Despite a comprehensive enabling environment, a number of barriers still limit minigrid development in Tanzania, the World Bank indicates in its recent report titled “Regulatory Indicators For Sustainable Energy (RISE)”.
The mentioned barriers include high interest rates loans from commercial banks, and lack of clarity about ownership of land and water rights for energy producers.
Access to finance for both debt and equity capital remains critical, as minigrid developers must demonstrate commercial viability of their system. Human capital and technical capacity are scarce. Market data is virtually nonexistent.
The report recalls that minigrids in Tanzania are primarily used by faith-based and other nonprofit organizations and that on the commercial side, only five small power producers are in operation, though a dozen are in preparation.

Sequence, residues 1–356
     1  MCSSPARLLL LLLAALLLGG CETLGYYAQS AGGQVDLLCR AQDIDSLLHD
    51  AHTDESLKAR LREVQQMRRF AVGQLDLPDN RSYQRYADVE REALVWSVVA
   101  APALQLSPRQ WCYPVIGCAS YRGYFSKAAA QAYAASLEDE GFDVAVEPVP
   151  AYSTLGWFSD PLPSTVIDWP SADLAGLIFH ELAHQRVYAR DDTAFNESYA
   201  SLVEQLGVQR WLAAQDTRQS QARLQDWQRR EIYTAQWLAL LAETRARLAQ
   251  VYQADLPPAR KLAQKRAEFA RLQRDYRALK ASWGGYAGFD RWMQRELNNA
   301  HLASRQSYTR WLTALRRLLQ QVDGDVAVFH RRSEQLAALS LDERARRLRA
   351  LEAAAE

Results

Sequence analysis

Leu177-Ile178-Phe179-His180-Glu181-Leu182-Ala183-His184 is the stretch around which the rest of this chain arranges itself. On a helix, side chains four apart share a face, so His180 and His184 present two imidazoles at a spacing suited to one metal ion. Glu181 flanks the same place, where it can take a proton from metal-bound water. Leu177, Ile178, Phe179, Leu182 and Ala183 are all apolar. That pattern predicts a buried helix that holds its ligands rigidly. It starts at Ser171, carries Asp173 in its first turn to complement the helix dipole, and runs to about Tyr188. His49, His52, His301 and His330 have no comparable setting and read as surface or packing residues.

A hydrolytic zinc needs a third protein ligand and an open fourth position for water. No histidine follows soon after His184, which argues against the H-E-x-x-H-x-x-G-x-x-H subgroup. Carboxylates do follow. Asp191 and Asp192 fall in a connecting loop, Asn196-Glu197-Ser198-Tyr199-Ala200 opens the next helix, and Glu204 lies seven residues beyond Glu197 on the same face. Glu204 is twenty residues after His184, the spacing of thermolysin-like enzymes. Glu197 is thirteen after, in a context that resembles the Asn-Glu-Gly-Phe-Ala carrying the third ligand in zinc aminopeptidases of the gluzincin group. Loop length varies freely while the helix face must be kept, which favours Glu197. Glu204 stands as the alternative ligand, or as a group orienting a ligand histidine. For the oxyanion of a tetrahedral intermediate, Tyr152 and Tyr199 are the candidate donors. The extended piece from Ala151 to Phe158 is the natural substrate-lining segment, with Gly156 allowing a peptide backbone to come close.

Tanzania’s rural electrification investment prospectus estimates that about half the rural population could be served more cost-effectively by minigrids and off-grid options than by the centralized grid.
The construction of the minigrid regulatory framework started with the National Energy Policy and the Energy and Water Utilities Regulatory Authority Act in 2003, the Rural Energy Act in 2005, and the Electricity Act in 2008.
In October 2007 the Rural Energy Agency (REA) became operational to promote and facilitate improved access to modern energy services in rural areas of mainland Tanzania.
On 20th June 2016 the World Bank approved the Tanzania Rural Electrification Expansion Project.
On August 2016, the International Finance Corporation (IFC), a member of the World Bank Group (WBG), announced the launch of a web portal designed to speed the development of mini grids in Tanzania.